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In order to discuss Carbon Equivalency, we must first understand that not all metal alloys are created equal.  Even the same grade of alloy such as Stainless Steel 8620 will vary from batch to batch.

The factors that affect how the materials mix together are vast and each can and will affect the final material chemistry of the alloy.  Just because two pieces of metal are identified as 8620 Steel, does not mean they each are identical in their material chemistry make up.

The differences, even slight, can affect the physical properties of the metal.  Carbon Equivalent is a calculation used to determine the carbon equivalency of an alloy metal.  With the carbon equivalent number, properties of the metal such as application suitability can be determined.

## Why is Carbon Equivalent Important?

Knowing the carbon equivalent, or CE value, is particularly important in situations in which two pieces of metal will be welded together, such as welding two pipes together.  Environmental conditions can cause pipes to expand and contract or be moved.

The weld spot can be a point of weakness, which is exacerbated if one pipe is stronger than the other.  Optimally, two pipes welded together should work in conjunction as one unit.  If the properties of the two pieces of metal are too dissimilar they will not act as one unit and the weld will either sheer or break.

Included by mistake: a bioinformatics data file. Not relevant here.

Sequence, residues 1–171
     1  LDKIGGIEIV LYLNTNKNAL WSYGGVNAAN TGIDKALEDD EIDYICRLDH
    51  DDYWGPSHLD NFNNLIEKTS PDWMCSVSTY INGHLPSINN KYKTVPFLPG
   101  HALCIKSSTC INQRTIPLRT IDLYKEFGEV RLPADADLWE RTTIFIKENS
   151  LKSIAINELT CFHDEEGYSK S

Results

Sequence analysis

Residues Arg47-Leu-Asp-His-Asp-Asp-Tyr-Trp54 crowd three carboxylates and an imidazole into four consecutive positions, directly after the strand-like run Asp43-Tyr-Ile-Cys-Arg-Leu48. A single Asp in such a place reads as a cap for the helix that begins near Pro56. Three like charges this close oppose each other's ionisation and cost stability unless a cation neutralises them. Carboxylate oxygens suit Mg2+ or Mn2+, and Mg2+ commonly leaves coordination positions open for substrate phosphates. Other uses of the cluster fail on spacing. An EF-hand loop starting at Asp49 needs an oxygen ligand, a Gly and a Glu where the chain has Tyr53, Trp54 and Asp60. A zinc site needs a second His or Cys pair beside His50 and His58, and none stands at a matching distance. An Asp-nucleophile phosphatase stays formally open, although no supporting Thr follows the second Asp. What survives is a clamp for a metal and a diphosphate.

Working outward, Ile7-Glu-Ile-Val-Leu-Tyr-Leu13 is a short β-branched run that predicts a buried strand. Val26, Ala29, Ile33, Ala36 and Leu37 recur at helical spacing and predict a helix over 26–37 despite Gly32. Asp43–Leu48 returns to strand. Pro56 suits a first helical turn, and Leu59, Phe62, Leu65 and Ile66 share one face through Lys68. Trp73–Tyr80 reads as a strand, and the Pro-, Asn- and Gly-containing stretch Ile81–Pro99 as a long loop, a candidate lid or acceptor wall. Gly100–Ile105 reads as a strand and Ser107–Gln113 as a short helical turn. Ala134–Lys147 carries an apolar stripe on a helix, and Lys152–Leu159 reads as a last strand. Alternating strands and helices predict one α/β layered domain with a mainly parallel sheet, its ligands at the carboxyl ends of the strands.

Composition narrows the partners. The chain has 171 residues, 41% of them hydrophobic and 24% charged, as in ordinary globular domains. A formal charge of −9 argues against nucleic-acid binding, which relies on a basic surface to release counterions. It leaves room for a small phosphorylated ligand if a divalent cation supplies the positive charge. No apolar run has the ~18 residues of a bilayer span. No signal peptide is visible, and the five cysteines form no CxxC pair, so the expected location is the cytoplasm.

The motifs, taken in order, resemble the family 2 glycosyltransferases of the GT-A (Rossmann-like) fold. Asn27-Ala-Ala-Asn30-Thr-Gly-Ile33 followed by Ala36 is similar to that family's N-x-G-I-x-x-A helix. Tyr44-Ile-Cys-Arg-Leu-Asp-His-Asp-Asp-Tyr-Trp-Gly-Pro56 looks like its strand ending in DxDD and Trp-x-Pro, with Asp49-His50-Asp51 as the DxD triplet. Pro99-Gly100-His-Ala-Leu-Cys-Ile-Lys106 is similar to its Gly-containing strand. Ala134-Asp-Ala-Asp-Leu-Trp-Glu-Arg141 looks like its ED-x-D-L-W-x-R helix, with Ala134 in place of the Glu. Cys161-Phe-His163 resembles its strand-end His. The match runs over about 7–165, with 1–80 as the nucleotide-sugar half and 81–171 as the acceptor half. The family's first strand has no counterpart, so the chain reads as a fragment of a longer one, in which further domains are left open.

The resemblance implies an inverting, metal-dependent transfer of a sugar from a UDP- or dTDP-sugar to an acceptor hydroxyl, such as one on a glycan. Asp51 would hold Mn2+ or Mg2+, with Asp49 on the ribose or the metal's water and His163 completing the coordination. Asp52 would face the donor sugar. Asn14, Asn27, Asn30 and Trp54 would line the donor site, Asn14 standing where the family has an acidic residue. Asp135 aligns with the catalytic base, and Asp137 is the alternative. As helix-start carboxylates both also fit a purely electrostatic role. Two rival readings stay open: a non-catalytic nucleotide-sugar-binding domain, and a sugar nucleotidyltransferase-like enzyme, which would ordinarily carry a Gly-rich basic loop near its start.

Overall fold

Knowing ahead of time how dissimilar the two pieces of metal are dictates if the pieces can in fact be welded together, if a joining piece is needed, or if special treatment is needed prior to welding.  Carbon Equivalent values provide this important information.

## How do I measure Carbon Equivalent?

There are many different mathematical formulas used to determine the carbon equivalent value.  The formula used is dictated by information such as the application and location of the application.  The formulas are long, complicated, and require information about the material chemistry of the alloy.  However, there is an easier way!

Did you know our Optical Emissions Spectrometers are capable of giving the CE value of an alloy instantly?

Once it is determined which CE formula is needed, that formula can be put into the instrument and used to determine the CE value without manual calculations.  Many instruments are able to hold multiple formulas which can be turned on or off so operators can utilize the appropriate CE formula for the given application.